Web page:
At the end of the fermentation process, the moisture content of the cacao beans is reduced to about 6-8%3. At the end of the fermentation process, the cacao beans are dried between seven days to three weeks, either by sun drying or mechanical means before being cleaned and packaged3. The resulting cacao beans are now ready for processing into various cacao-based products, such as chocolate, cacao powders, cacao pastes, and more. Chocolate manufacturers may roast cacao beans produce cocoa-based products and enhance the chocolate flavours and ensure a more consistent flavour profile throughout an entire batch1,2,4. However, roasting and other forms of heat treatment can affect the chemical composition of cacao and reduce the presence of beneficial compounds, such as flavonoids and anthocyanins8,9.


Learn About Cacao

References

(1) Leal, G. A.; Gomes, L. H.; Efraim, P.; de Almeida Tavares, F. C.; Figueira, A. Fermentation of Cacao ( Theobroma Cacao L.) Seeds with a Hybrid Kluyveromyces Marxianus Strain Improved Product Quality Attributes. FEMS Yeast Res.2008, 8 (5), 788–798. https://doi.org/10.1111/j.1567-1364.2008.00405.x.

(2) Elwers, S.; Zambrano, A.; Rohsius, C.; Lieberei, R. Differences between the Content of Phenolic Compounds in Criollo, Forastero and Trinitario Cocoa Seed ( Theobroma Cacao L.). Eur. Food Res. Technol.2009, 229 (6), 937–948. https://doi.org/10.1007/s00217-009-1132-y.

(3) Lima, L. J. R.; Almeida, M. H.; Nout, M. J. R.; Zwietering, M. H. Theobroma Cacao L., “The Food of the Gods”: Quality Determinants of Commercial Cocoa Beans, with Particular Reference to the Impact of Fermentation. Crit. Rev. Food Sci. Nutr.2011, 51 (8), 731–761. https://doi.org/10.1080/10408391003799913.

(4) Kadow, D.; Niemenak, N.; Rohn, S.; Lieberei, R. Fermentation-like Incubation of Cocoa Seeds (Theobroma Cacao L.) – Reconstruction and Guidance of the Fermentation Process. LWT - Food Sci. Technol.2015, 62 (1, Part 1), 357–361. https://doi.org/10.1016/j.lwt.2015.01.015.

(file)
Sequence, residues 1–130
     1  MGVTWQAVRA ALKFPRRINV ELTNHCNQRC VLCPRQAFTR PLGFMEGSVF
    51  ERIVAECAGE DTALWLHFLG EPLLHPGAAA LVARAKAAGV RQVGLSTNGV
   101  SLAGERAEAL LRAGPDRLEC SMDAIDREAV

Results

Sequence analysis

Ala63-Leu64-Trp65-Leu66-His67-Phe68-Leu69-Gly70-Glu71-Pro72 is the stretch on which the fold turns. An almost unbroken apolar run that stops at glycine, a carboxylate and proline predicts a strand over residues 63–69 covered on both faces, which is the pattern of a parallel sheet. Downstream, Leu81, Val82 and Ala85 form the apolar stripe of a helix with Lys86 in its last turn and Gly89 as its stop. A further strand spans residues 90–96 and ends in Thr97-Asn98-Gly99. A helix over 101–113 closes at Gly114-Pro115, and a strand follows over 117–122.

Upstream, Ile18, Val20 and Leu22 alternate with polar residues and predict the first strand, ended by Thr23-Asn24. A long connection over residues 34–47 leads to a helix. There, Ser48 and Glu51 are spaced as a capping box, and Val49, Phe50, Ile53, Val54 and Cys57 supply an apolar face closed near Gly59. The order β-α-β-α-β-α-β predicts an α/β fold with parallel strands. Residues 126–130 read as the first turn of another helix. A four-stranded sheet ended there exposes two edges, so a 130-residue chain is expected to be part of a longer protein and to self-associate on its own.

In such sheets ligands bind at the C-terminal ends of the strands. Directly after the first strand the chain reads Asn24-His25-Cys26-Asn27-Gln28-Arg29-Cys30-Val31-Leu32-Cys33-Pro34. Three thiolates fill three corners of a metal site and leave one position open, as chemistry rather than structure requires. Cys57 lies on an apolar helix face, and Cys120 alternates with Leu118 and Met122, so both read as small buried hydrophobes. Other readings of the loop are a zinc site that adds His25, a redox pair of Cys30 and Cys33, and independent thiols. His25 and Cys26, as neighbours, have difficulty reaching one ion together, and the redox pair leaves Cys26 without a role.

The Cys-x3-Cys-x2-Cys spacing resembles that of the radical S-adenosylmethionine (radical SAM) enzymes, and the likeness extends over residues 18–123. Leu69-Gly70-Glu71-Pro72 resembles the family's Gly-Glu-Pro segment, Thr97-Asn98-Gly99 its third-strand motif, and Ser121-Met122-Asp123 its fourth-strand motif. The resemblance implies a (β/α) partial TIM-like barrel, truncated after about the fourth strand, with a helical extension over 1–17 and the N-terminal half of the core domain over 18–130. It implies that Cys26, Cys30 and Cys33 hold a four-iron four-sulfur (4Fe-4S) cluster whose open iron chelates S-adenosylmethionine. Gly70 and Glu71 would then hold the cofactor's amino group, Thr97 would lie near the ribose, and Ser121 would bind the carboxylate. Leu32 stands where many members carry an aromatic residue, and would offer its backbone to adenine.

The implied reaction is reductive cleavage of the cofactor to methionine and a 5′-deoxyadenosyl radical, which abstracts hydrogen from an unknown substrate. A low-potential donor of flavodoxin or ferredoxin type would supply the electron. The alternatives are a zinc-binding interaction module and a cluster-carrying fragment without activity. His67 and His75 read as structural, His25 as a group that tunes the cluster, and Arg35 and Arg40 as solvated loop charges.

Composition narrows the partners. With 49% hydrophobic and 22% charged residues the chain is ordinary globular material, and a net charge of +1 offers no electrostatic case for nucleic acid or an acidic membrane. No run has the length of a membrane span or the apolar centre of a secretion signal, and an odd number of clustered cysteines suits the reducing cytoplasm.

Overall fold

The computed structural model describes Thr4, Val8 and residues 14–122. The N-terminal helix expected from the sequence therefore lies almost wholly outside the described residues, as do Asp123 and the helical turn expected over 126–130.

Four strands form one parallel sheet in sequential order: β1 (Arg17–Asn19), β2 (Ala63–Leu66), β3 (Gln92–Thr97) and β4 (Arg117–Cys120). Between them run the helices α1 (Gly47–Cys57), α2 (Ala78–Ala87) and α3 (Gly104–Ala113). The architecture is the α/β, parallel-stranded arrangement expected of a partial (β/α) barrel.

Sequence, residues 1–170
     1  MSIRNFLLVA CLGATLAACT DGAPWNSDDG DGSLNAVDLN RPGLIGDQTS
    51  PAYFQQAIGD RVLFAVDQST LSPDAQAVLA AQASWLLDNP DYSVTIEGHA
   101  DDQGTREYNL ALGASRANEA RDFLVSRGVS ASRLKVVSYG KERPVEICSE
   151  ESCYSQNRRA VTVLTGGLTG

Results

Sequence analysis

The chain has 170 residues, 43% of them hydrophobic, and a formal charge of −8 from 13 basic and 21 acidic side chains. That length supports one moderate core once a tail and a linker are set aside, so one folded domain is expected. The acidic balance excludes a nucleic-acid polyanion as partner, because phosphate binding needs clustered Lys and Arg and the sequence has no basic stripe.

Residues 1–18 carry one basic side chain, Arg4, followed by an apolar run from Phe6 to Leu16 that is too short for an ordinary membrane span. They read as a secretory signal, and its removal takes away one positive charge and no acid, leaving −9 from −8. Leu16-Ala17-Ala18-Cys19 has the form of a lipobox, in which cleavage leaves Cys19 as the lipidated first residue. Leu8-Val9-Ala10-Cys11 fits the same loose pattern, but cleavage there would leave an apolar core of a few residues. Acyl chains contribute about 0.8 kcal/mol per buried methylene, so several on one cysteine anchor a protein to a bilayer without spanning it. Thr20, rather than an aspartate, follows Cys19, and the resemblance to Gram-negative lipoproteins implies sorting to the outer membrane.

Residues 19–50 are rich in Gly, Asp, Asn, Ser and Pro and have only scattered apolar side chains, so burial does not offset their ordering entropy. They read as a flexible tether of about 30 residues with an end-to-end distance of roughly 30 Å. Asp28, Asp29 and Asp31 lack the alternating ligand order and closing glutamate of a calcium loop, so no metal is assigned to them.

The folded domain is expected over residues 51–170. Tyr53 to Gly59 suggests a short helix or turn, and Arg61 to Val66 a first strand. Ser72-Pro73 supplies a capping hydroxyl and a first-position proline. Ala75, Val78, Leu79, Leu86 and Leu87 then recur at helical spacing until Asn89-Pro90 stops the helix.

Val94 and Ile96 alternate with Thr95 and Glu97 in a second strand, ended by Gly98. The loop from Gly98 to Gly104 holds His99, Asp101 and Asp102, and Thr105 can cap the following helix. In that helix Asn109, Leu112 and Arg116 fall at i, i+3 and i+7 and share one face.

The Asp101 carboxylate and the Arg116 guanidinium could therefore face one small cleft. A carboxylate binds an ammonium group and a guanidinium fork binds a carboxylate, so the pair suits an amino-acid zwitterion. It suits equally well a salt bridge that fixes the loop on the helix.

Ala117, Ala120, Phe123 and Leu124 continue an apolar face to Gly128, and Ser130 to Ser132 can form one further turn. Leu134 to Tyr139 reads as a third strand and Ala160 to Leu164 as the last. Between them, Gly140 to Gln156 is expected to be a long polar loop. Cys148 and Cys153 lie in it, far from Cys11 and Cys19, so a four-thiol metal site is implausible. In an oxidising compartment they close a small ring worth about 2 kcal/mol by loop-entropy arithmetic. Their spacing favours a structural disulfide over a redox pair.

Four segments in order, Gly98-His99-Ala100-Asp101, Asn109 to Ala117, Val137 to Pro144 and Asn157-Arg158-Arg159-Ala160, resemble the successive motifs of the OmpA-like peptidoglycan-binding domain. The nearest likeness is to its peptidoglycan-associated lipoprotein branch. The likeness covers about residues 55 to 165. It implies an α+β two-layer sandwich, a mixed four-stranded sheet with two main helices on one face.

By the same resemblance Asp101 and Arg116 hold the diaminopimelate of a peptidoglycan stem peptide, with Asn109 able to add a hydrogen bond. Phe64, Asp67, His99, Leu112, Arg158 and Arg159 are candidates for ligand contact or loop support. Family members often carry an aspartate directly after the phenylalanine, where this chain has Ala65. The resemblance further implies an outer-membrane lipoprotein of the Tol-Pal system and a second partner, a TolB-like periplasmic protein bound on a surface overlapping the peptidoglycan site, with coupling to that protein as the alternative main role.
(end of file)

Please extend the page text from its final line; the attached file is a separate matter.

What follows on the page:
(5) Fang, Y.; Li, R.; Chu, Z.; Zhu, K.; Gu, F.; Zhang, Y. Chemical and Flavor Profile Changes of Cocoa Beans (Theobroma Cacao L.) during Primary Fermentation. Food Sci. Nutr.2020, 8 (8), 4121–4133. https://doi.org/10.1002/fsn3.1701.

(6) Wiranda -; Syukur, S.; Aziz, H. DETERMINATION OF CALCIUM (Ca) AND MAGNESIUM (Mg) CONTENT IN CACAO (Theobroma Cacao Linn) FERMENTATION AND NON FERMENTATION BY SPECTROPHOTOMETRY. J. Ris. Kim.2015, 3 (1), 96. https://doi.org/10.25077/jrk.v3i1.104.

(7) MacLeod, M. Cacao. In The Cambridge World History of Food; Kiple, K. F., Ornelas, K. C., Eds.; Cambridge University Press: Cambridge, 2000; pp 635–641. https://doi.org/10.1017/CHOL9780521402149.073.

(8) Oracz, J.; Zyzelewicz, D.; Nebesny, E. The Content of Polyphenolic Compounds in Cocoa Beans (Theobroma Cacao L.), Depending on Variety, Growing Region, and Processing Operations: A Review. Crit. Rev. Food Sci. Nutr.2015, 55 (9), 1176–1192. https://doi.org/10.1080/10408398.2012.686934.

(9) McShea, A.; Ramiro-Puig, E.; Munro, S. B.; Casadesus, G.; Castell, M.; Smith, M. A. Clinical Benefit and Preservation of Flavonols in Dark Chocolate Manufacturing. Nutr. Rev.2008, 66 (11), 630–641. https://doi.org/10.1111/j.1753-4887.2008.00114.x.